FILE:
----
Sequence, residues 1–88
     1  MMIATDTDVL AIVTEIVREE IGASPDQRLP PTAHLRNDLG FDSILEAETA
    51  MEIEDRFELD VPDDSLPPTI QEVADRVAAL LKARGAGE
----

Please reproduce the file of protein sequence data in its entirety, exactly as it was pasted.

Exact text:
Sequence, residues 1–88
     1  MMIATDTDVL AIVTEIVREE IGASPDQRLP PTAHLRNDLG FDSILEAETA
    51  MEIEDRFELD VPDDSLPPTI QEVADRVAAL LKARGAGE